FX Awaits The Draghi And Trump Show

Non-digital and digital stock graphs

Market Drivers March 08, 2018

FX essentially unmoved

All eyes nn ECB

Nikkei 0.54% Dax -0.37%

Oil $61/bbl

Gold $1327/oz.

Bitcoin $9962

Europe and Asia:

AUD AU Trade 1.06B vs. .21B

CNY Trade 225B vs. -70B

North America

EUR ECB 8:30

USD Weekly Jobless 8:30

It's been a very quiet night of trade in the FX market with most of the majors contained to tight 30 point ranges during Asian and early European trade.

The dollar firmed up against every G-11 pair although the move has been minuscule and currency markets appear to be treading water ahead of the North American open awaiting the two key event risk events of the day.

In North America today the ECB will hold its monthly presser at 13:30 GMT and traders will parsing Mr. Draghi's words very carefully for any change in language. If Mr. Draghi emphasizes the recent uptick in growth and ignores the political factors brought on by the chaotic Italian election that could put a Eurosceptic party at the helm, the market will view the meeting as hawkish. Such posture would suggest that the ECB is preparing the market for a QE taper having judged the EZ economy sound enough to begin removing accommodation.

It's unprecedented for ECB to comment on politics, so Mr. Draghi will do the utmost to avoid any remarks on the Italian election. However, if the economic assessment is downgraded and if the balance of risks is moved from balanced to negative, the market is likely to react with a heavy selloff in the EURUSD.

In short, a sanguine tone from ECB could put the bid in the pair with bulls trying to run it towards the 1.2500 figure, while a much more cautious message could easily see EURenact USD break the 1.2300 level before the end of the day.

After the ECB, attention will turn to Washington DC where the Trump administration is expected to enact fresh trade tariffs on steel and aluminum at 20:30 GMT. Ahead of the release Administration officials attempted to soften the news by stating that Mexico and Canada would be temporarily exempt from new duties, but even so the Americans will almost certainly be sued in WTO on violation of free trade agreements.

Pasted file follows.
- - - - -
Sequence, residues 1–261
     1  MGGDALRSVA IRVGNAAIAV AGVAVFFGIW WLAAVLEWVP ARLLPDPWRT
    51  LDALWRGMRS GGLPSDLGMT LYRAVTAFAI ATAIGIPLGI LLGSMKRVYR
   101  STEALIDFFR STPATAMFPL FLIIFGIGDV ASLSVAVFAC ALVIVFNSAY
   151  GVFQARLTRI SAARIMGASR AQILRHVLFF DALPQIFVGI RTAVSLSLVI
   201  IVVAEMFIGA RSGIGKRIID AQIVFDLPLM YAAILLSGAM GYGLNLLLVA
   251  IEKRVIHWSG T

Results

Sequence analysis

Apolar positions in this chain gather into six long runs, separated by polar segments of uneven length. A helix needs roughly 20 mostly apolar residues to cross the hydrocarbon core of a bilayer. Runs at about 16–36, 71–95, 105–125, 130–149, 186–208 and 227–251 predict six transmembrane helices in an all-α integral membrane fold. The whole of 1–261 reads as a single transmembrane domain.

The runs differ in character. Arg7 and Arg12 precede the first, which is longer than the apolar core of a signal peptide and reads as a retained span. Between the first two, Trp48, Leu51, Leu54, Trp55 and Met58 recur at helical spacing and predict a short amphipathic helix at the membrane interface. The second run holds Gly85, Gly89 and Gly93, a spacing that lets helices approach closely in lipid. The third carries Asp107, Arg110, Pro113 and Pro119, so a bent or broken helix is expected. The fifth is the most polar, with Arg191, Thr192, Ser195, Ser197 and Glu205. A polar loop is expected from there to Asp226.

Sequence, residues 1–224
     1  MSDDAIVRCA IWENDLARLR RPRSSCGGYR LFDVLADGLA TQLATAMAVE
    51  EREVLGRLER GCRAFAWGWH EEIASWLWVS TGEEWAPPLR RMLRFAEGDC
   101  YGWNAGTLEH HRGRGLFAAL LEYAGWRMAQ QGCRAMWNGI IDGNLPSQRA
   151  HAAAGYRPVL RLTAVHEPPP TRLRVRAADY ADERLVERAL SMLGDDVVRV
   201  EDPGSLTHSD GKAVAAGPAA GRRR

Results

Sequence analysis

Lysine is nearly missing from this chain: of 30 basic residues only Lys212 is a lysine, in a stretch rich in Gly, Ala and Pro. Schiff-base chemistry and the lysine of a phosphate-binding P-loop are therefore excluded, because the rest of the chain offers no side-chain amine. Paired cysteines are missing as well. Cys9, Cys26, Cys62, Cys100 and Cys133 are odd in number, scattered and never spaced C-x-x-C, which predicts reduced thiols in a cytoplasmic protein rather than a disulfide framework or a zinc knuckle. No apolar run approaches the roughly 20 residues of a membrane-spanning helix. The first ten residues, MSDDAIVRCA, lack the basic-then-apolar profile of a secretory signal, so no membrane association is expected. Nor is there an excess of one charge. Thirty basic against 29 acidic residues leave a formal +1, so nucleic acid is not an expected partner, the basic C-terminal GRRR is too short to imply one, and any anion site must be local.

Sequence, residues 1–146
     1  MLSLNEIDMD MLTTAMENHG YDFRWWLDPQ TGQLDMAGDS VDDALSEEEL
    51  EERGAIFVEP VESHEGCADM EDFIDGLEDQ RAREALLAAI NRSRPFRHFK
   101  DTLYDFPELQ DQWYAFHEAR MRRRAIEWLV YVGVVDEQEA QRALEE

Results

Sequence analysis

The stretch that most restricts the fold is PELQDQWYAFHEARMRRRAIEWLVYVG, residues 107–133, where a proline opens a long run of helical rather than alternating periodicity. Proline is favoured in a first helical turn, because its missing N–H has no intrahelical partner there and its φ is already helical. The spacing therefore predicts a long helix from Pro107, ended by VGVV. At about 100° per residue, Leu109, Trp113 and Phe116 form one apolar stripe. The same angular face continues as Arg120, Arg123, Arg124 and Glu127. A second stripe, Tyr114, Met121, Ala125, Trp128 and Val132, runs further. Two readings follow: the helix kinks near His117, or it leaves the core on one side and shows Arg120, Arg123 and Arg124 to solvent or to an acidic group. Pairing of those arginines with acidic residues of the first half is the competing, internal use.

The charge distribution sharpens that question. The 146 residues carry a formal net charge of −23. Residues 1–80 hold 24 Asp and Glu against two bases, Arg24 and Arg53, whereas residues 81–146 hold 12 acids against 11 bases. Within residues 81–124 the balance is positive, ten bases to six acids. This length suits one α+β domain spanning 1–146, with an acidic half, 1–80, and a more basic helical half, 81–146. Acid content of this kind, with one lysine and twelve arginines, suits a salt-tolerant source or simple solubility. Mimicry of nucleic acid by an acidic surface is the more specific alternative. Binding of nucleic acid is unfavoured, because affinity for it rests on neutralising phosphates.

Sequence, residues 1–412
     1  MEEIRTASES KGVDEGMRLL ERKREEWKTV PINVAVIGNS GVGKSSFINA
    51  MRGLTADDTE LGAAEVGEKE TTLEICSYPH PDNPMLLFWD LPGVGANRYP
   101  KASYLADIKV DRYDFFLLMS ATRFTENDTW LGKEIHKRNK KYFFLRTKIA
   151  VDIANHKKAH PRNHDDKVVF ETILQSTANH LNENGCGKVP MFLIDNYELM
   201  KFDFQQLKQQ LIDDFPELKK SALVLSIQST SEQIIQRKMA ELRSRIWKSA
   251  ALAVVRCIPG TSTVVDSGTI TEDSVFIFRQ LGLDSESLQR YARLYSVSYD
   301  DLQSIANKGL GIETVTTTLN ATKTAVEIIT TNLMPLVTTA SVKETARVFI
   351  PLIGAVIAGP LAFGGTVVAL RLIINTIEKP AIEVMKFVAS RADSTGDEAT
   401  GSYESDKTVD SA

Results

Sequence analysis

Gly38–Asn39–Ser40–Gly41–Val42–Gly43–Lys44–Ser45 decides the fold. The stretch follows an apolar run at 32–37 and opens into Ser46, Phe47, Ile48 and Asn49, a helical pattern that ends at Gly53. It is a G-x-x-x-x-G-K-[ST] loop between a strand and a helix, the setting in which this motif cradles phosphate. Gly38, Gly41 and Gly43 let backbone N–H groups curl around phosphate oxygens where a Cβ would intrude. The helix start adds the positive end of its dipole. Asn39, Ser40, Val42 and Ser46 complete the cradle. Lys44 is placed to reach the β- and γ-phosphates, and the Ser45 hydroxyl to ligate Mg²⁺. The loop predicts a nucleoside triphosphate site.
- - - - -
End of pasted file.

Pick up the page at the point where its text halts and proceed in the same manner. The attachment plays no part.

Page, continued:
The true impact of the move will be political rather economic. Will Europeans and Chinese respond in kind? Will that set off a vicious cycle of retaliatory measures? For now, the tariff story has been a tempest in a teapot, but it could very quickly grow into an ugly storm that could trigger massive risk aversion flows not only in FX but other asset classes as well.

The views and opinions expressed herein are the views and opinions of the author and do not necessarily reflect those of Nasdaq, Inc.

The views and opinions expressed herein are the views and opinions of the author and do not necessarily reflect those of Nasdaq, Inc.

Boris Schlossberg

Mr. Schlossberg is a regular contributor to CNBC's Squawk Box and a commentator for CNBC Asia and CNBC Europe. His daily currency research is widely quoted by Reuters, Dow Jones and Agence France Presse newswires and appears in numerous newspapers worldwide. Mr. Schlossberg has written for SFO magazine, Active Trader and Technical Analysis of Stocks and Commodities. He is the author of Technical Analysis of the Currency Market and Millionaire Traders: How Everyday People Beat Wall Street at its Own Game, both of which are published by Wiley

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